PART 2: BE WARY OF THESE SCAMS

Continuing with our thread from last week, we finish off our focus on the top scams to be wary of in 2011.  Last week we addressed job hunt lures, debt solutions, not-so-free trial offers, time share resellers, and work from home secrets.  This week we urge you to be wary of:

  1. Itinerant home repairers and roofers. Better Business Bureaus across the country received complaints from consumers who answered a knock from a door-to-door salesman or itinerant worker who eventually failed to deliver on promises to fix their roof or do other work to their homes.
  2. Lotteries and sweepstakes. The victim receives a letter in the mail or a phone call from someone
    pretending to be with Reader’s Digest, Publisher’s Clearing House or a phony foreign lottery. The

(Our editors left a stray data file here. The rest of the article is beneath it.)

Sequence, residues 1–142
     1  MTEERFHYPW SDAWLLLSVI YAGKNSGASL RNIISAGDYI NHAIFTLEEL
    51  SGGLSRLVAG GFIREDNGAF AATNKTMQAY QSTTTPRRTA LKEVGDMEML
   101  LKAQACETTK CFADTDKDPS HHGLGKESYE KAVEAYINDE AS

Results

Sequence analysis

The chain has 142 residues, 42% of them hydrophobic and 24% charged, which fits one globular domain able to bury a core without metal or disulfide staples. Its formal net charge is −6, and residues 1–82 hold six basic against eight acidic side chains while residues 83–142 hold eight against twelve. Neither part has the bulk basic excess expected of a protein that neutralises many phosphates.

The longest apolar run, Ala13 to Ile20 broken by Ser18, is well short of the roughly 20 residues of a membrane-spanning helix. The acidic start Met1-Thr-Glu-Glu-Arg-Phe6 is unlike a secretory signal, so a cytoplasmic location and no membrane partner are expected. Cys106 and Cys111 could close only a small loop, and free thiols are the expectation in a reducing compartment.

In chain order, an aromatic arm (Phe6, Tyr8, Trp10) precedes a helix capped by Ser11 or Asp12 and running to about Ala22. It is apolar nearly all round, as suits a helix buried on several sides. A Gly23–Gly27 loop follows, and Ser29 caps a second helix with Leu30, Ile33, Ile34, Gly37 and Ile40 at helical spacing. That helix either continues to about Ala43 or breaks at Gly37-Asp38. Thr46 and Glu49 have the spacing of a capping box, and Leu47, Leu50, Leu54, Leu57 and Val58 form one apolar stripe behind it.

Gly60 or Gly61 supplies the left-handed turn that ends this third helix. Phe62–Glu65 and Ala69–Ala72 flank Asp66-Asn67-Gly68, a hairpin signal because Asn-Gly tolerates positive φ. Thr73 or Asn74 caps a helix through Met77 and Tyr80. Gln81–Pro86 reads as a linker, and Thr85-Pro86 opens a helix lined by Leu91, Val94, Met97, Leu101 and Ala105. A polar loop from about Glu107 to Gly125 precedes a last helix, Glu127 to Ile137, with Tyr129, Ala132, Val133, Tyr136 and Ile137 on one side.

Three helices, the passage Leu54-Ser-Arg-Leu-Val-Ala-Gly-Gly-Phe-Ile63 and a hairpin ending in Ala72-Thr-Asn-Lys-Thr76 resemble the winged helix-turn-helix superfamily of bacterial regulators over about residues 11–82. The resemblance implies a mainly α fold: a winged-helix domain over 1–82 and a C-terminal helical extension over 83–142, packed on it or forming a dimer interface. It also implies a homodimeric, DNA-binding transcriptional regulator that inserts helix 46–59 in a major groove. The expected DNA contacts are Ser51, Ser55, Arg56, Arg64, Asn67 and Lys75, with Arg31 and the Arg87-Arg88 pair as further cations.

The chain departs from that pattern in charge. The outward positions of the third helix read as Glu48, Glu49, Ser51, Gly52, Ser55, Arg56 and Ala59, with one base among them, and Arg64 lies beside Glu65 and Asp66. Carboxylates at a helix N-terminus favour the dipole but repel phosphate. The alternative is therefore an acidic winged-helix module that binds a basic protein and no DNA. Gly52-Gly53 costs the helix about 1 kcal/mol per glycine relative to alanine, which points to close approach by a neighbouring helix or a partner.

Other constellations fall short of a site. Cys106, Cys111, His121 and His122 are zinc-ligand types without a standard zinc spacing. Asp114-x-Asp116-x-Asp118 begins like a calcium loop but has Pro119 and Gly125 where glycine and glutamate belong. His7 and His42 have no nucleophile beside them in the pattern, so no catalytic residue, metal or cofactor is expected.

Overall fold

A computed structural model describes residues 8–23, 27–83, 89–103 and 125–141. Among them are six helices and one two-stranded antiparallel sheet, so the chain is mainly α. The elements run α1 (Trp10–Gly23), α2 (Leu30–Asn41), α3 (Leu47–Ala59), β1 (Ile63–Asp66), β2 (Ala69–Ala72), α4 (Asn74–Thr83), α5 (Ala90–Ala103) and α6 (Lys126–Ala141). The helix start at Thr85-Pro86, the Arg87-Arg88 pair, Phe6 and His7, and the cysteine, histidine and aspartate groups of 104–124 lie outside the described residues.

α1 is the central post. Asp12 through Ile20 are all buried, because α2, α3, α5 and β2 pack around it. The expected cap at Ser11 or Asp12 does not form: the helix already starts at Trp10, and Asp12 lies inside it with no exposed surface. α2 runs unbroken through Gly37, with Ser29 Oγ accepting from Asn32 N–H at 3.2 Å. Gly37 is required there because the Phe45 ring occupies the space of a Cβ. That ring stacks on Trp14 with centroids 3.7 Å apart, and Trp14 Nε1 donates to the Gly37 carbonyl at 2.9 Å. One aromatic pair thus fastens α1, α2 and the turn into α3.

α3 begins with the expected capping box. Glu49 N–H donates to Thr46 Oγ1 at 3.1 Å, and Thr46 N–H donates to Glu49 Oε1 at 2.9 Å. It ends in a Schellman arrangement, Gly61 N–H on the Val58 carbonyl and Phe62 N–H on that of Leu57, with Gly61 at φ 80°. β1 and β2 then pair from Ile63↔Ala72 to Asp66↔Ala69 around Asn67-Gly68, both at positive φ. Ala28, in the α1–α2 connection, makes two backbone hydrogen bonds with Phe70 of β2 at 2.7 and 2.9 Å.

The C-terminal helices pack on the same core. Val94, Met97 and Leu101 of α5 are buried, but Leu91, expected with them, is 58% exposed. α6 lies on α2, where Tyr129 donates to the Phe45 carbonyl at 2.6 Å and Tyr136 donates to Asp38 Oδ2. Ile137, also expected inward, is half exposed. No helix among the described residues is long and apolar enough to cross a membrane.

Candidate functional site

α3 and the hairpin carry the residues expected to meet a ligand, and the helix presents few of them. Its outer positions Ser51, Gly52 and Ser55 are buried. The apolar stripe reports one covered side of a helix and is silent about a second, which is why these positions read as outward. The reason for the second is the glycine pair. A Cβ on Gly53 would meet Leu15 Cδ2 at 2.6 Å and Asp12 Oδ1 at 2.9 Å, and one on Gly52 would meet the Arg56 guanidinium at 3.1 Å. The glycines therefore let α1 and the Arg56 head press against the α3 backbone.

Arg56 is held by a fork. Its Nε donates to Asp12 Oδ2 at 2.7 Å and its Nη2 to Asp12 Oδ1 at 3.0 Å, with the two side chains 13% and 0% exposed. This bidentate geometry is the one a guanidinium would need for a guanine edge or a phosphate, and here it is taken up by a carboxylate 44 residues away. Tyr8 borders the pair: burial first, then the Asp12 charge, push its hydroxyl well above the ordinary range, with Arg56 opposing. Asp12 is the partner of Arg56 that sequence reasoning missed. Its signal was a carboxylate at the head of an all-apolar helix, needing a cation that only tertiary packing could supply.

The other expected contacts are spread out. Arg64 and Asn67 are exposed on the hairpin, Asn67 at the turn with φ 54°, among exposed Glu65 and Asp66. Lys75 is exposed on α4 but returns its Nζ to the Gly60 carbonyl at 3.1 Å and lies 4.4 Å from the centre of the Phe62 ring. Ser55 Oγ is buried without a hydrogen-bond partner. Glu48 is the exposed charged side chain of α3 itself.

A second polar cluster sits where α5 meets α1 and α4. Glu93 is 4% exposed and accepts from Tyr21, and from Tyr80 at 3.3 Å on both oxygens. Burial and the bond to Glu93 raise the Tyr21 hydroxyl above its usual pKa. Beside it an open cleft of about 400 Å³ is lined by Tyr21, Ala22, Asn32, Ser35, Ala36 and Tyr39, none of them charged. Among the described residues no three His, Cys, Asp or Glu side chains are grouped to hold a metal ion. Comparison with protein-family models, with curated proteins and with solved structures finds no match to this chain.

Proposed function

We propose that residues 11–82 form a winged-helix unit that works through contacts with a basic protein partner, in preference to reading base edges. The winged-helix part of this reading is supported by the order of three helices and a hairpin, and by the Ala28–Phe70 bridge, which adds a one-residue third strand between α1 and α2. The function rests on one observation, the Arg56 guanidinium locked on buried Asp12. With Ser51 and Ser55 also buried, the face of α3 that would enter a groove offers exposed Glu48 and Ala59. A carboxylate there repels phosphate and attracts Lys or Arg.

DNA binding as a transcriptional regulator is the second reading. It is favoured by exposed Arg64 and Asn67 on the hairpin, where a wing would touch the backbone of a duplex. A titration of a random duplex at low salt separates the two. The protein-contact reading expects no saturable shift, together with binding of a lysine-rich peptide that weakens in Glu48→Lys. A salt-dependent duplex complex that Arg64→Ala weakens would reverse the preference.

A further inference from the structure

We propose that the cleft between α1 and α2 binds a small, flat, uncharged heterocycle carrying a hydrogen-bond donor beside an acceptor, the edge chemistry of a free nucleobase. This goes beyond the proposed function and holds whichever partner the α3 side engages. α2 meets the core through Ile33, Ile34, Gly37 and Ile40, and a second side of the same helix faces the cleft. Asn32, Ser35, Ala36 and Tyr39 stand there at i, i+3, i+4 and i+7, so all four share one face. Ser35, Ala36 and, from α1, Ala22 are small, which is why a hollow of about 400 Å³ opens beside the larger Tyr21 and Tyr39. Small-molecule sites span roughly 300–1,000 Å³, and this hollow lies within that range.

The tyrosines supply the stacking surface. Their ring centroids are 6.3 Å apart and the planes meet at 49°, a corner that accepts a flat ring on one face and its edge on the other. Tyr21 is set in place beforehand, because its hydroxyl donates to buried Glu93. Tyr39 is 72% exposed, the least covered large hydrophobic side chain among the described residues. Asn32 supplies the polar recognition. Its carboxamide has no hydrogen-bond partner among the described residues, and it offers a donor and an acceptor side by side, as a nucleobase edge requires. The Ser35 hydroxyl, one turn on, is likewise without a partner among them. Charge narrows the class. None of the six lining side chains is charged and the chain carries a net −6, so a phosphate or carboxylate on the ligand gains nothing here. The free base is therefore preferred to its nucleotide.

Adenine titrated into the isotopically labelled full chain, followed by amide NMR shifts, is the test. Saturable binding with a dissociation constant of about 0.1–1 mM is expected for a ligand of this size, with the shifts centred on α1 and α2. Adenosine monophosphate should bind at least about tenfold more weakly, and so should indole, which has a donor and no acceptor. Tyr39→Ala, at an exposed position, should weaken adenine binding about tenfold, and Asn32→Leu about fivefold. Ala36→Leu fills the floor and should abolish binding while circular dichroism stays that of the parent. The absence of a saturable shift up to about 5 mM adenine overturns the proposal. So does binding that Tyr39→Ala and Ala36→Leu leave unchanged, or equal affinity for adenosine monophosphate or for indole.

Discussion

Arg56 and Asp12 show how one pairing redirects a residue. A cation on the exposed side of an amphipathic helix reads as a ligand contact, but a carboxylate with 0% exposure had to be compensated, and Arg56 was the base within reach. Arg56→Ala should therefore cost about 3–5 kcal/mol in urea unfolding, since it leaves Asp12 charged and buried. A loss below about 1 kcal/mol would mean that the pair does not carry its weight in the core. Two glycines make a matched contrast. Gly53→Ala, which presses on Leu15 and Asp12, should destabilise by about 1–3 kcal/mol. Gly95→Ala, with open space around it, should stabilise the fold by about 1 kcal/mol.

catch: A winner must first wire hundreds or even thousands of dollars to cover taxes or some other
    bogus fee. The victim wires the money, but the prize never arrives.
  3. Identity theft. A person can become a victim of identity theft in both low-tech and high-tech ways,
    including theft and mail theft, e-mails, phone calls, text messages, or as the result of a corporate data breach.
  4. Advance-fee loans. Victims are told they qualify for large loans but must pay upfront fees — often
    more than $1,000. The victim wires money to the scammers but never receives the loan.
  5. Overpayments. These typically target small-business owners, landlords or individuals with rooms to rent and sellers on classifieds or sites like Craigslist. The scammers overpay the amount requested and then ask the victim to wire the extra amount back to them or to another fraudulent entity. Ultimately, the check is forged and the victim loses the money wired back.

The old cliché holds true—the best defense is a good offense.  When it comes to identity theft, best practices suggest shredding is the highest level of defense for personal information.  For more information about our on-site shredding service, check out www.hvshred.com


by hvshred